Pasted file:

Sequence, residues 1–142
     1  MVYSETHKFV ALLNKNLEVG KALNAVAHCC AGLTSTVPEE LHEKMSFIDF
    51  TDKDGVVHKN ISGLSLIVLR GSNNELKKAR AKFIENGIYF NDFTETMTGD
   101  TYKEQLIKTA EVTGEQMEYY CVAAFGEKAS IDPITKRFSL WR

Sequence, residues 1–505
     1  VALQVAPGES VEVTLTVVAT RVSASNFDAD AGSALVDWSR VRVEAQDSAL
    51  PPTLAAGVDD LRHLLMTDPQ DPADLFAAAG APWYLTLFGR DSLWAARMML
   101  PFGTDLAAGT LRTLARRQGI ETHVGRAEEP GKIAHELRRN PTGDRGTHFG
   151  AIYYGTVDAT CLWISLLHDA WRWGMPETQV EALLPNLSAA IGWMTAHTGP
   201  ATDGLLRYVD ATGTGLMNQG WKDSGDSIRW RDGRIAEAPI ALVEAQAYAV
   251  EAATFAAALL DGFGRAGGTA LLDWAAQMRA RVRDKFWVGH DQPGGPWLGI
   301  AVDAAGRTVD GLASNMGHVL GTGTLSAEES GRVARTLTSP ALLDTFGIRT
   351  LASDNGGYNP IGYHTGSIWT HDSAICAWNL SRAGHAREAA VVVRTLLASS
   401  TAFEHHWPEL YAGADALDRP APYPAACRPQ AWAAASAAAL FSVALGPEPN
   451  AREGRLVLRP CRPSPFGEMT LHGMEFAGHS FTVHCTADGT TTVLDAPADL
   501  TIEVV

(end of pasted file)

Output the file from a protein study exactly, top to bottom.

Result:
Sequence, residues 1–142
     1  MVYSETHKFV ALLNKNLEVG KALNAVAHCC AGLTSTVPEE LHEKMSFIDF
    51  TDKDGVVHKN ISGLSLIVLR GSNNELKKAR AKFIENGIYF NDFTETMTGD
   101  TYKEQLIKTA EVTGEQMEYY CVAAFGEKAS IDPITKRFSL WR

Sequence, residues 1–505
     1  VALQVAPGES VEVTLTVVAT RVSASNFDAD AGSALVDWSR VRVEAQDSAL
    51  PPTLAAGVDD LRHLLMTDPQ DPADLFAAAG APWYLTLFGR DSLWAARMML
   101  PFGTDLAAGT LRTLARRQGI ETHVGRAEEP GKIAHELRRN PTGDRGTHFG
   151  AIYYGTVDAT CLWISLLHDA WRWGMPETQV EALLPNLSAA IGWMTAHTGP
   201  ATDGLLRYVD ATGTGLMNQG WKDSGDSIRW RDGRIAEAPI ALVEAQAYAV
   251  EAATFAAALL DGFGRAGGTA LLDWAAQMRA RVRDKFWVGH DQPGGPWLGI
   301  AVDAAGRTVD GLASNMGHVL GTGTLSAEES GRVARTLTSP ALLDTFGIRT
   351  LASDNGGYNP IGYHTGSIWT HDSAICAWNL SRAGHAREAA VVVRTLLASS
   401  TAFEHHWPEL YAGADALDRP APYPAACRPQ AWAAASAAAL FSVALGPEPN
   451  AREGRLVLRP CRPSPFGEMT LHGMEFAGHS FTVHCTADGT TTVLDAPADL
   501  TIEVV